Gays in Military Succeeds Abroad

Print Date: 
February 19, 2001
The Detroit News
Deb Price

In country after country, the idea of allowing gay people to serve openly in the armed forces triggers dire warnings from military leaders. But once a gay ban is lifted, those same leaders are shocked and relieved to find that nothing bad happens: The seemingly explosive issue is, in reality, a dud — a bomb that never goes off.

“We find literally the same thing again and again, which is people report the lifting of a gay ban as a non-event,” says political scientist Aaron Belkin, director of the Center for the Study of Sexual Minorities in the Military at the University of California at Santa Barbara.

“It has no effect on unit cohesion. It has no effect on military performance. It has no effect on recruitment. It has no effect on any of the indicators of military capability,” adds Belkin, whose center has thoroughly studied the impact of having lifted the gay bans in Britain, Israel, Canada and Australia.

With President George W. Bush on record favoring the gay ban, those landmark studies — available at — ought to be required reading for him and for Pentagon and congressional leaders mouthing warnings that should have been mothballed years ago.

Unlike what U.S. advocates of forcing gay soldiers to remain hidden argue, our country would not be marching into dangerously uncharted territory by lifting the gay ban. Rather, it’s terrain that other militaries have crossed easily, virtually without incident. In all, 23 nations — including every longtime North Atlnatic Treaty Organization country except the United States and Turkey — welcome gay people to serve openly.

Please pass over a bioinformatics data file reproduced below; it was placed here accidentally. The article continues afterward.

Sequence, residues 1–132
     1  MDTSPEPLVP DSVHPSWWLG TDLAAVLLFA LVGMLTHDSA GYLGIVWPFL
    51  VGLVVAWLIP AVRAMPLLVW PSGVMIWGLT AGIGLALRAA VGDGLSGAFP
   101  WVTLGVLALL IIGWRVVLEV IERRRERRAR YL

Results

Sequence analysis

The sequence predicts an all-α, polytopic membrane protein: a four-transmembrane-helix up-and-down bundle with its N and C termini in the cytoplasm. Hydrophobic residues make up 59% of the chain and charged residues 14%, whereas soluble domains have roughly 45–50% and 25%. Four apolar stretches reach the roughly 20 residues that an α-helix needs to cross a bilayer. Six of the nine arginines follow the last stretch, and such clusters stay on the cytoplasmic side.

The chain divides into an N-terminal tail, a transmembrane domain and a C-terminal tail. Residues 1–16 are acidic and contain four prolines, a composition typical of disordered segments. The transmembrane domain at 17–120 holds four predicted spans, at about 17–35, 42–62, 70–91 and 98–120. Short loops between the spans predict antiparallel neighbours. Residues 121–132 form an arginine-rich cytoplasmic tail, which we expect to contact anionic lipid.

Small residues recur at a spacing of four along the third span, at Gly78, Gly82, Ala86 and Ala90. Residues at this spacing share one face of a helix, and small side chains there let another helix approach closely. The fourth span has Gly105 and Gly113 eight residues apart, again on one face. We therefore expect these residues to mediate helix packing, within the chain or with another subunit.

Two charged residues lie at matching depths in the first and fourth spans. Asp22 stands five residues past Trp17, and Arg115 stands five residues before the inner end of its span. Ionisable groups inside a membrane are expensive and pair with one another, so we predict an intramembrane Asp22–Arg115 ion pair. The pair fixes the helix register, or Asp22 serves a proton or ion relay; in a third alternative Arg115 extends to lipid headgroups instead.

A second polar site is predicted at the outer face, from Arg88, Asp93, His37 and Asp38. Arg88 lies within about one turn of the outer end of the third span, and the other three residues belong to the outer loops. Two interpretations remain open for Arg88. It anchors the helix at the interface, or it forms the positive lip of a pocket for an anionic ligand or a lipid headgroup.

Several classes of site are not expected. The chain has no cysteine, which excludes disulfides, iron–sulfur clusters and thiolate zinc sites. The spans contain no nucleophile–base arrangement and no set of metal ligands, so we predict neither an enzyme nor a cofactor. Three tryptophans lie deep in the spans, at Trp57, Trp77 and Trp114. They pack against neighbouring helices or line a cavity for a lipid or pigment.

As the Santa Barbara center found, what’s happened in countries whose militaries have stopped their overt anti-gay discrimination is fascinating:

Britain: In 1995, two-thirds of the men in Britain’s all-volunteer armed forces said they would not be willing to serve if the gay ban were lifted. The gay ban ended in January 2000, and a grand total of three people actually resigned. With recruitment levels “buoyant,” the policy change is “hailed as a solid achievement” by the Ministry of Defense.

"I think it has caused less of a ruffle than the issue of women at sea did 10 years ago,” observes Rear Admiral James Burnell-Nugent.

Canada: For a year after Canada lifted its ban in 1992, there was “not a single ... case of resignation, harassment or violence because of the change in policy,” the center says. “The issue ... has all but disappeared from public and internal military debates.”

Sexual harassment of service women fell 46 percent when the gay ban disappeared. Would-be harassers realized women were now “free to report assaults without fear that they would be accused of and subsequently discharged for being a lesbian,” the center found.

*Israel: In 1983, Israel opened its military, except for intelligence posts, to gay people. A decade later, that final restriction was dropped. “...Allowing gays and lesbians to serve without any official restrictions strengthened morale” by showing that the military helps unify a diverse society, says Lee Walzer, author of Between Sodom and Eden: A Gay Journey Through Today’s Changing Israel.

Australia: When the Aussies lifted their ban, “We were waiting for problems ... we were ready. Nothing happened,” recalls military personnel chief Bronwen Grey.

Meanwhile, just last month the German Army issued guidelines designed to ensure gay soldiers’ fair treatment. And here at home, old prejudices are melting. Sixty-seven percent of U.S. Army men “strongly” opposed gay soldiers in 1992. By 1997, only 36 percent were, Elizabeth Kier reported in the journal International Security.

Eventually, U.S. military policy must be based on modern-day realities, not ancient fears. Our allies are leading the way.